- Got a Telrad & no finder scope? Use your binoculars behind the Telrad for magnification. Ast first, it’s a little tricky lining up the binoculars with the Telrad, but with practice, it’s not too difficult & will allow you to position the telrad on fainter objects – Dave Scherping (original idea from Steve Bornemeier)
- At the start of an observing session, look at a star or planet with the eyepiece outside the normal focal position. You can see the turbulence crossing the image. If it is doing anything other than going straight across you know you have a local seeing problem that you need to take care of. – Martin Gaskell
- The eye is more sensitive to very dim, large, objects when they are moving. Thus, the Horsehead is far easier to see if you gently move the scope back and forth a few minutes of arc once every two seconds or so. Let the image move, don’t try to follow it with your eye. The brain seems to define faint edges best if they are moving across the retina, constantly hitting new areas. – Rick Johnson
- Hold binoculars on the fat end for a more stable view. – Doug Bell Set your scope outside early so it can cool off. Put a black sheet over your head while observing. Make a list of targets you want to observe. Have someplace for the kids to go.
- Do you wish your eyepieces were parfocal so you would only need to fine-tune the focus when you change eyepieces? If you have a few eyepieces that focus within ½” or less from each other, you can make them parfocal. Determine which eyepiece requires the most in-travel and focus that eyepiece on a star. Now switch eyepieces, and without readjusting the focuser, focus the eyepiece by sliding it out slightly in the draw tube. With a pencil, mark the barrel where it meets the focuser. Remove the eyepiece & wrap scotch tape around the barrel above the mark. Now, when that eyepiece is inserted into the focuser up to the tape, it will be parfocal with the first. This works best with 1¼ eyepieces. Just make sure you have enough of the eyepiece barrel in the focuser to keep it straight & secure. – submitted by Dave Scherping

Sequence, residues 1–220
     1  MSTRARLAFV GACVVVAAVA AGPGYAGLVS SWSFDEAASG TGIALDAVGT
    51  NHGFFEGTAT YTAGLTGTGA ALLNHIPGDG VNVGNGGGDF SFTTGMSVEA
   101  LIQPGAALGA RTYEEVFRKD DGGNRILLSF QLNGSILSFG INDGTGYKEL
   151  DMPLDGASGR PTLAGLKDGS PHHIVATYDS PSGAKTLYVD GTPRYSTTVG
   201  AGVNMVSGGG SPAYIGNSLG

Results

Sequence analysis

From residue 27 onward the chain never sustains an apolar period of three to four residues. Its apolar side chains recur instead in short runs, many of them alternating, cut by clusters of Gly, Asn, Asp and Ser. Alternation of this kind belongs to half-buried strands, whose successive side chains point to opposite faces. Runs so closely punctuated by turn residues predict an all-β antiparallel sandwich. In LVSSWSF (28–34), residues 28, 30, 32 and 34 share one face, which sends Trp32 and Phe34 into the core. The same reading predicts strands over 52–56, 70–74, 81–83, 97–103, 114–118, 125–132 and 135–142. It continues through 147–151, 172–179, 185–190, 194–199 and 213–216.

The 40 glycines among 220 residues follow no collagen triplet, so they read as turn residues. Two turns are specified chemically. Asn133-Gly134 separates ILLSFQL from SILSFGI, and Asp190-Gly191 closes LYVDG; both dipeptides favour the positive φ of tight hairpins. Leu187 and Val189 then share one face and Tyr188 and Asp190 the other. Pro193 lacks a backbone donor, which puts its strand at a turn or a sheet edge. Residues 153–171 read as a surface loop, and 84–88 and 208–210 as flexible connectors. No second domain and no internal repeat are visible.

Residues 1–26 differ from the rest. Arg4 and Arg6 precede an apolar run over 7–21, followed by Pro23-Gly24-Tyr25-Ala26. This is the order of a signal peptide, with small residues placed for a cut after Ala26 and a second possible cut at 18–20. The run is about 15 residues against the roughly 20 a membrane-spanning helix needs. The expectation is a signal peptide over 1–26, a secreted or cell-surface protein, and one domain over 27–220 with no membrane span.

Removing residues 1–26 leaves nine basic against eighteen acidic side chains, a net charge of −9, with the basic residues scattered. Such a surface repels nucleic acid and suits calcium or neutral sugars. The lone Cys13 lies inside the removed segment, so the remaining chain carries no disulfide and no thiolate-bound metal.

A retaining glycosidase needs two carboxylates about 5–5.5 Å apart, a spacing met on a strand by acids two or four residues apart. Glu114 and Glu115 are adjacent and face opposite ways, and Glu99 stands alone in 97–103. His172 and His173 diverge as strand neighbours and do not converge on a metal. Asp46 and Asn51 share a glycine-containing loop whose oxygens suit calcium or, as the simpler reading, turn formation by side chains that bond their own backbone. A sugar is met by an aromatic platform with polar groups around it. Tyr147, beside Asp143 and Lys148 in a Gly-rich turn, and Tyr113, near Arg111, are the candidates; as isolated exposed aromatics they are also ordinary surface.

- Do you want to prevent your secondary from coming loose and falling onto the primary mirror of your Newtonian scope? Dumb question! Remove your secondary mirror and attach a piece of string to the back of it using silicone RTV (tie a few knots in the end of the string first to give it something to adhere to). Let it dry and replace the secondary. Tie the other end of the string to the spider. Now if the secondary mirror comes out of its holder, the string will save it and the primary mirror. – submitted by Dave Scherping
- Are you constantly battling the wind and the dew when you’re trying to write down your observations? If you’re not trying to draw the object, you might want to record your observations with a small pocket tape recorder. Then transfer your observations to your log at a later time. This is a great way to work on the Messier award or Herschel award. – submitted by Dave Scherping